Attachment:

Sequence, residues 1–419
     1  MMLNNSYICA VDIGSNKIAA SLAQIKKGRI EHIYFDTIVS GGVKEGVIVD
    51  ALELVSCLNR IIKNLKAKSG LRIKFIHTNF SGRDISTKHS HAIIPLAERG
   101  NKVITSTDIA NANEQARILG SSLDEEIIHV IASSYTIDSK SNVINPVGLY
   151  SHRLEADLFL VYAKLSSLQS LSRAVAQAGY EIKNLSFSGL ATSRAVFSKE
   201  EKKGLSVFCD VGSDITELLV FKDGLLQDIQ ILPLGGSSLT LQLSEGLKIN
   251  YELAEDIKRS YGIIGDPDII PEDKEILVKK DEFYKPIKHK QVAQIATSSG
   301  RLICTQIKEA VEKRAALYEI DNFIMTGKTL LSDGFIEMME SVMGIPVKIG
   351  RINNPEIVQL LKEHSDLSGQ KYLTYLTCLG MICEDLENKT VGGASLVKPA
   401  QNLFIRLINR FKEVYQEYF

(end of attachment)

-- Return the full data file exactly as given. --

Sequence, residues 1–419
     1  MMLNNSYICA VDIGSNKIAA SLAQIKKGRI EHIYFDTIVS GGVKEGVIVD
    51  ALELVSCLNR IIKNLKAKSG LRIKFIHTNF SGRDISTKHS HAIIPLAERG
   101  NKVITSTDIA NANEQARILG SSLDEEIIHV IASSYTIDSK SNVINPVGLY
   151  SHRLEADLFL VYAKLSSLQS LSRAVAQAGY EIKNLSFSGL ATSRAVFSKE
   201  EKKGLSVFCD VGSDITELLV FKDGLLQDIQ ILPLGGSSLT LQLSEGLKIN
   251  YELAEDIKRS YGIIGDPDII PEDKEILVKK DEFYKPIKHK QVAQIATSSG
   301  RLICTQIKEA VEKRAALYEI DNFIMTGKTL LSDGFIEMME SVMGIPVKIG
   351  RINNPEIVQL LKEHSDLSGQ KYLTYLTCLG MICEDLENKT VGGASLVKPA
   401  QNLFIRLINR FKEVYQEYF